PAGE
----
The clock is ticking for companies involved in mileage correction, according to a recent report. The criminal act of winding back odometers on contract hire cars and vans is costing the rental industry tens of thousands of pounds in agreed contract revenue but, more importantly, for components that are guaranteed a certain amount of miles, this act of ‘clocking’ is not only deceitful to the lease-hire company but could also jeopardise the safety of the driver who hires the van after the clocked vehicle is returned.
One aspect that will interest readers of our blog is that low mileage is an element applicants can incorporate into the enquiry form when applying for cheap van insurance using our facility. Although the temptation may well be to clock the miles to ensure that your have only driven the miles you anticipated when applying for van insurance quotes, if there is a resultant claim against the policy secured against that application and the mileage is found to be fraudulent, that claim may well be negated and the van insurance policy declared null and void.
The act of mileage correction is, at present, an unregulated aspect of motoring in the UK, which the OFT may well try to change, even outlaw, unless there is an absolute stone-wall case for the procedure. There are fifty or so operators who are thought to be offering this service illegally and they now have the Vehicle Remarketing Association fighting the Office of Fair Trading corner against them, too.
Why they remain in business is simple and, rather than vehicle hire companies tackle the real issue, it is easier to whip up public and private support in order to maintain a market value for a service and point the finger in another direction; I’ll explain.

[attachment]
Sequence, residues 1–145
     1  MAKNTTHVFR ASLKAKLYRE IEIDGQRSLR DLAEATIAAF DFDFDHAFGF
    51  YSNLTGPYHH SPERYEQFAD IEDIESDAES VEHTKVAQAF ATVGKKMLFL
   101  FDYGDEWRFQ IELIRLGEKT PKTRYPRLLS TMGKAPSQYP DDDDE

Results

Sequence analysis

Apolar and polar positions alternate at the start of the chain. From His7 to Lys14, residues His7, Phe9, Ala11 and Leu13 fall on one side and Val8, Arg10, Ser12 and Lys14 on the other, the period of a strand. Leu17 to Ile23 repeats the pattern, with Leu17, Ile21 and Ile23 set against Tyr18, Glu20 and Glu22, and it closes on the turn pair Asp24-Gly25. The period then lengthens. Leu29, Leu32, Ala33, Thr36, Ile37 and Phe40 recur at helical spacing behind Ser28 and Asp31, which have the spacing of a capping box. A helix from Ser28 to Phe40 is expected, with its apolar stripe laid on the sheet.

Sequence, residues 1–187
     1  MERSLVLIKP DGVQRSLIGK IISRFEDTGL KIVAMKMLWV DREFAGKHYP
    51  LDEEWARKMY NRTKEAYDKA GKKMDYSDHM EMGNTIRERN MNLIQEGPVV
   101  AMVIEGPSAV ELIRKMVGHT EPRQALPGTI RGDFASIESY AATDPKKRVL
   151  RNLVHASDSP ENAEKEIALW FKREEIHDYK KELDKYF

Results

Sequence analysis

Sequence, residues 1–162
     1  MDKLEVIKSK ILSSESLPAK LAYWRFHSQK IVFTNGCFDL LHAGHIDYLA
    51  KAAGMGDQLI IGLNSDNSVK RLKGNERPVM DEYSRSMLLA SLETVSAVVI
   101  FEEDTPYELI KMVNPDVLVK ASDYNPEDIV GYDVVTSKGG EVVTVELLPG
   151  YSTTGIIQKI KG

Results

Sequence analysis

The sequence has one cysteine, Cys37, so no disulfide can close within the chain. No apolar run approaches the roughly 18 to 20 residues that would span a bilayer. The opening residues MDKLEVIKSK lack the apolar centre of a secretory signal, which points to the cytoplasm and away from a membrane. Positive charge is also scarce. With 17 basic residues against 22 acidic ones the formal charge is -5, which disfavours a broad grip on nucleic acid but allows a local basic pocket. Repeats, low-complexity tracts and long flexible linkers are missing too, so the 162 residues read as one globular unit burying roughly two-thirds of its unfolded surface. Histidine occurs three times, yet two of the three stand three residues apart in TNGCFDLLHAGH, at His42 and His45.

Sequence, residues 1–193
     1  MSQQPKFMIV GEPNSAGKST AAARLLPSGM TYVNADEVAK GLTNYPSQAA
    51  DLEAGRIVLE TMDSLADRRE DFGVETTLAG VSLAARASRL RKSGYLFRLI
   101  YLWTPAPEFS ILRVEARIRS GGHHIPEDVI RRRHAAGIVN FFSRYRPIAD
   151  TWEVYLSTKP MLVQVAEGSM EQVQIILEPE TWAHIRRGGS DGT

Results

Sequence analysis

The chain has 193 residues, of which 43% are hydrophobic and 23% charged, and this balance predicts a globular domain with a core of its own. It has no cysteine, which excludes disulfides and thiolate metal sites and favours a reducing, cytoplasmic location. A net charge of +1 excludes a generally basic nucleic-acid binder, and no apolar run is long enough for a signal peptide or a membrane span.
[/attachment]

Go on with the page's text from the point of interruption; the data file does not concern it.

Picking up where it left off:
For long-term vehicle hire contracts, and some small ones, too, there is a certain mileage limit within that contract. For instance, if you want to hire a Berlingo van for six months with a twelve thousand mile limit in the lease contract, with the terms stipulated at £0.40/mile for every mile you drive over that amount as chargeable, it would make commercial sense to take the Berlingo to a mileage correction facility who will rewind the clock for you for £0.20/mile. If you have driven three thousand miles over the limit, you are paying the mileage correction facility £600 instead of the van-hire company from who you leased the Berlingo £1,200.
Is it tempting to save £600 for a quick drop off into one of these specialist garages? For businesses or sole traders struggling to keep their operation afloat, you can see why they would be tempted to do so.
The real solution to the problem is to make the excess mileage fee on the lease-hire contract realistically affordable so that it is not worth risking the mileage correction facility step, but that would take away an especially profitable niche for the lease hire company who may incur no costs other than a little further depreciation for the extra mileage.
By lease hire firms reducing the fee, licensed vehicle correction facilities would remain in business without fear of investigation or prosecution, the driver would pay an affordable fee and the lease-hire company should factor in an ascending scale of appropriate depreciation on a fixed fee basis on sensibly priced milestones of driven wear and tear, with components covered either by warranty or van insurance.
There you go, job done, everybody happy. Not too difficult, was it?